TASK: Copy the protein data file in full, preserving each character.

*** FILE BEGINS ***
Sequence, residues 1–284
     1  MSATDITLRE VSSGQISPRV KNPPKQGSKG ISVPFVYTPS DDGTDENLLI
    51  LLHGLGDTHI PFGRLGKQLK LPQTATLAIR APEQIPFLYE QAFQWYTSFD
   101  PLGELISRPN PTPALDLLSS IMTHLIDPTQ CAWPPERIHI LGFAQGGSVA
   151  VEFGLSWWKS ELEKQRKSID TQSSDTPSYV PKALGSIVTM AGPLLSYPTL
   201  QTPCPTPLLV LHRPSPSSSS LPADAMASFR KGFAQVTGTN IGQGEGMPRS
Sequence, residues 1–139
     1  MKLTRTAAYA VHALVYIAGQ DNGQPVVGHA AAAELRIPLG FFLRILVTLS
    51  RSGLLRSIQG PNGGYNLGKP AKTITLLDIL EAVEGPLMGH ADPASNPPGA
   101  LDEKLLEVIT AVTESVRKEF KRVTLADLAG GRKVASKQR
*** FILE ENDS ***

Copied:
Sequence, residues 1–284
     1  MSATDITLRE VSSGQISPRV KNPPKQGSKG ISVPFVYTPS DDGTDENLLI
    51  LLHGLGDTHI PFGRLGKQLK LPQTATLAIR APEQIPFLYE QAFQWYTSFD
   101  PLGELISRPN PTPALDLLSS IMTHLIDPTQ CAWPPERIHI LGFAQGGSVA
   151  VEFGLSWWKS ELEKQRKSID TQSSDTPSYV PKALGSIVTM AGPLLSYPTL
   201  QTPCPTPLLV LHRPSPSSSS LPADAMASFR KGFAQVTGTN IGQGEGMPRS
Sequence, residues 1–139
     1  MKLTRTAAYA VHALVYIAGQ DNGQPVVGHA AAAELRIPLG FFLRILVTLS
    51  RSGLLRSIQG PNGGYNLGKP AKTITLLDIL EAVEGPLMGH ADPASNPPGA
   101  LDEKLLEVIT AVTESVRKEF KRVTLADLAG GRKVASKQR